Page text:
Libertarian Paternalism


Richard H. Thaler and Cass R. Sunstein

 Yale, 2008, 293 pp., $26, h/b – ISBN 978 0 300 12223 7

Described in the latest issue of Prospect as ‘2008’s noisiest ideas book’, Nudge is an important and timely book as governments struggle to reconcile liberalism and paternalism, freedom of choice and the nanny-state. Hence the title of my review — libertarian paternalism, which might seem an oxymoron at first sight. The subtitle of the book informs us that it is about improving decisions on health, wealth and happiness. The problem, according to the authors, is that we often make poor choices, susceptible as we are to various biases, not to mention the weight of inertia.

Early in the book, we are introduced to the notion of choice architecture, using a very practical example of how the way in which foods are arranged for display influences the choices made by schoolchildren. They can be ‘nudged’ towards a healthier choice. Libertarian paternalism draws on, respectively, the insistence that people should be free to do what they like, and the legitimacy of choice architects trying to influence people’s behaviour in order to make their lives longer, healthier and better. Nudge does not represent coercion, and is defined as ‘any aspect of the choice architecture that alters people’s behaviour in a predictable way without forbidding any options or significantly changing their economic incentives.’ For interventions to count as nudges, they must be easy and yet keep to avoid.

Readers who have studied economics will remember the rational consumer who always makes rational choices, called here an ‘Econ’ as a reminder that real human beings are not in fact exclusively rational Econs, who react to incentives in order to maximise their satisfaction. The authors point out at the outset that we falsely assume that most people make choices that are in their best interest or better than choices made by someone else; this assertion is disproved by empirical research. Nor is it possible to avoid influencing people’s choices, since choices are always set up in a particular way. The ideal, therefore, becomes to set up good choice architecture options, which make life as easy as possible. Hence the authors advocate better governance rather than bigger government, all of which makes a great deal of sense.

Our rationality is compromised by the fact that we think in two systems, one reflective and the other automatic, each of which has its appropriate sphere of action. However, they can get mixed up so that we are operating in the wrong mode. It is instructive to consider the role of inertia, especially in relation to financial decisions. We tend to remain with our existing arrangements, rather than question them and go to the trouble of changing them. For instance, given the recent debacle  in the banking system, one might think of switching to Triodos, who operate on an ethical basis and did not overreach themselves. I even experience reluctance to change my telephone provider if offered a better deal. Conformity is another form of inertia – we are easily nudged by others, a fact not lost on advertisers.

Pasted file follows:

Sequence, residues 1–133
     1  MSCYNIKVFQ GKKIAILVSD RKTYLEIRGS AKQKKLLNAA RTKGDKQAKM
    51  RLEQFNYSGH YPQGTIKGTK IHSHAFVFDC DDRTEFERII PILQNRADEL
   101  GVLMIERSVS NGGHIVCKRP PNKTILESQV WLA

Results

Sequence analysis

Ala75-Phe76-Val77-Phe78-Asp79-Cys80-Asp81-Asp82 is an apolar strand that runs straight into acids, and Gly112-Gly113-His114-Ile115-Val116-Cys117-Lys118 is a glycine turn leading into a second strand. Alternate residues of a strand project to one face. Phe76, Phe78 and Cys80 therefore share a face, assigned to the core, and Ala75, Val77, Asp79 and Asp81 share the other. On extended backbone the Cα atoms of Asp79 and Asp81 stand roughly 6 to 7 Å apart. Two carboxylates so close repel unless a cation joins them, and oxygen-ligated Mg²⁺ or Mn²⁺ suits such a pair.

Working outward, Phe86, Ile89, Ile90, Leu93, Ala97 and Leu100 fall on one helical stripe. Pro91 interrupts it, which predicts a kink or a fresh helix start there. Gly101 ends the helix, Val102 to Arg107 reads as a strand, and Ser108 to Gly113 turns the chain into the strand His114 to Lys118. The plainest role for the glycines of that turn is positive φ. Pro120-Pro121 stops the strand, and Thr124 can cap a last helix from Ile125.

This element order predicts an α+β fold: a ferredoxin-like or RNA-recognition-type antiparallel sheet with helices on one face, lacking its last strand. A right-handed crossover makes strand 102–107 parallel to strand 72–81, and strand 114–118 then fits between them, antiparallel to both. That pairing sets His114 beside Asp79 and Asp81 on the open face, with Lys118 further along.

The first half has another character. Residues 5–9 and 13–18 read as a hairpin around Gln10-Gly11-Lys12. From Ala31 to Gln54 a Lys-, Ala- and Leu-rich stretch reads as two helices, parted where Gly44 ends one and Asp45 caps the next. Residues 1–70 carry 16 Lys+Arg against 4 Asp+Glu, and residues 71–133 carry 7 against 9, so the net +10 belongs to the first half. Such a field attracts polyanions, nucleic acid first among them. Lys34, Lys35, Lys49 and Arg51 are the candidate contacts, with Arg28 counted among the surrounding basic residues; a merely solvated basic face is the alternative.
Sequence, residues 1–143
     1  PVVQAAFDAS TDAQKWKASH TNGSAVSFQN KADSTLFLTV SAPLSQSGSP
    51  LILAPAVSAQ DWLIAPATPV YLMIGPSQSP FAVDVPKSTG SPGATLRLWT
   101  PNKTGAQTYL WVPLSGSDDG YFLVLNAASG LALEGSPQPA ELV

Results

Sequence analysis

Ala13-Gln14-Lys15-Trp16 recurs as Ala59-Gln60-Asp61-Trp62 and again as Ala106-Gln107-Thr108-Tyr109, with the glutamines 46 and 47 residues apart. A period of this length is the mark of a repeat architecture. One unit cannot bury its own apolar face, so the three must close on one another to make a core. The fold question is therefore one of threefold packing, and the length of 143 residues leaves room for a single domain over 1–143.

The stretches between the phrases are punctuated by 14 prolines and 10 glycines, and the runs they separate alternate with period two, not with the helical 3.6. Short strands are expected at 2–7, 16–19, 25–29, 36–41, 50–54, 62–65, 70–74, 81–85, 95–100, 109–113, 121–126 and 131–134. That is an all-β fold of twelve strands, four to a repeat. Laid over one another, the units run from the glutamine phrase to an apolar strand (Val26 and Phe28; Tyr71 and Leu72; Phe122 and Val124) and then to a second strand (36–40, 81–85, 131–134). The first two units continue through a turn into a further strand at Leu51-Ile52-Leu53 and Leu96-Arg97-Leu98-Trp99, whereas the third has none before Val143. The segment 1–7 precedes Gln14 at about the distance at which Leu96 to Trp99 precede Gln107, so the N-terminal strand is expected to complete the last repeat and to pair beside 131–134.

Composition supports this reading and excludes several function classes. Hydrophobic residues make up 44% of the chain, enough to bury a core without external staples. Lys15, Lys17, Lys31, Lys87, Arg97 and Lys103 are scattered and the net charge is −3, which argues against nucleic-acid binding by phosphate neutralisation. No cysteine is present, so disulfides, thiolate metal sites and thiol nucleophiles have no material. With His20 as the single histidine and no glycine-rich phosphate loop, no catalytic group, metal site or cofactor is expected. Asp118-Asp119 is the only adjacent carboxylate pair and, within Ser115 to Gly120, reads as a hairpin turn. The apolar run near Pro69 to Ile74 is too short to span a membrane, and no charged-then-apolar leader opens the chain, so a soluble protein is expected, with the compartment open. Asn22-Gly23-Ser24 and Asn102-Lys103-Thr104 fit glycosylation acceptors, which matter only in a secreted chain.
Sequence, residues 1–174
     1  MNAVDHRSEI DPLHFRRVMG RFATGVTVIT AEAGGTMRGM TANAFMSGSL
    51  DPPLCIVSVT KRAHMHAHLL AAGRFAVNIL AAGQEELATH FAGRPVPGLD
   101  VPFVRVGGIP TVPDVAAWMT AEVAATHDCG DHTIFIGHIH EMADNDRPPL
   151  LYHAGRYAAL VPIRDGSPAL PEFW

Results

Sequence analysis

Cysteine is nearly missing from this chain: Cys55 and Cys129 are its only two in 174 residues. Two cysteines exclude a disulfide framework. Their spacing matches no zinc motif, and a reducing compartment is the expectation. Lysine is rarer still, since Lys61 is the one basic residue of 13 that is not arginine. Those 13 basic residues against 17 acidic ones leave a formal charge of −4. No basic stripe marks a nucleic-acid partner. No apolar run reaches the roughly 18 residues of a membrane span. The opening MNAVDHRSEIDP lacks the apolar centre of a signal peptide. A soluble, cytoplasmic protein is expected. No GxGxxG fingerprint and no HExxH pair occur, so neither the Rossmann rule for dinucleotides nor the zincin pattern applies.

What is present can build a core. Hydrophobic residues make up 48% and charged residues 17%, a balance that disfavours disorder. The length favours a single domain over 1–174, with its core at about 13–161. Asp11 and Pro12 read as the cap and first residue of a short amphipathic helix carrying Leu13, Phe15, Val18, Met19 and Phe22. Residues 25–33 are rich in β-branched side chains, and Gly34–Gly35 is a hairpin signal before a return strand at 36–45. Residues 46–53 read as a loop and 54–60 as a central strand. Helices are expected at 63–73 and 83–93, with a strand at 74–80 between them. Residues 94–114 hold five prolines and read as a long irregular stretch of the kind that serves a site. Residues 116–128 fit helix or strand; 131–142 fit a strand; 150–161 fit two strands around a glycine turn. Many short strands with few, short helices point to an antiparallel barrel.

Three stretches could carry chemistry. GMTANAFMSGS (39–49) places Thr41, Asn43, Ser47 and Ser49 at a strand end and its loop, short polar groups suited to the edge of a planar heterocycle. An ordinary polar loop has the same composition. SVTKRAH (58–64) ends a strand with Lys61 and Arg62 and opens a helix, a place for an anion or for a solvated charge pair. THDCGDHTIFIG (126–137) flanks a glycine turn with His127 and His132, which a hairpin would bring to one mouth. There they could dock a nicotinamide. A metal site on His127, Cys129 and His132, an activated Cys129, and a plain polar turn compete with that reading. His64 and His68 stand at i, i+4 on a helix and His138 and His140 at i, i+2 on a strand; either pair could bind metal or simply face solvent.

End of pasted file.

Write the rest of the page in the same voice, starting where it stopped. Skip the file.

The authors outline six principles of good choice architecture: incentives, understanding mappings, defaults, feedback, expectation of error, and structuring complex choices. They then apply these, with examples, to money, especially investment, health and freedom to choose, for instance schools. It is a commonplace that we do not save enough for retirement, even if we know we should, which sets up a good case for a nudge. A key point is to make choices clear and straightforward, and not to overburden people with too much information. The result can be that people give up and therefore do not receive money to which they might be entitled. In this respect, Sweden is held up as a good example, but the US prescription scheme gave people too much choice. The lesson is that the more choices we give people, the more help they will need.

One specific useful suggestion is RECAP – record, evaluate and compare alternative prices. The system can also be used to provide a printout of total expenditure on a particular item in the course of the year. Most of us simply do not add this up, and if we did, we might change our behaviour. A further interesting and topical issue discussed in some detail is how to increase organ donations. Clearly, a system of presumed consent will far exceed the numbers of an explicit consent system. Interestingly, some online research showed that only 42% opted in as an organ donor, but when people had to opt out, 82% agreed to be donors.

The book ends with a dozen suggestions for mininudges and addresses some possible misgivings. They argue, convincingly in my view, against the slippery slope argument, partly on the basis that choice architecture inevitably entails some kind of nudge. They finish by observing that the sheer complexity of modern life and the rapid pace of change militate against both rigid authoritarianism and what they call dogmatic laissez-faire; hence the underlying case for libertarian paternalism. This will surely be a topic of much political argument, but I do find the concept of choice architecture extremely useful.


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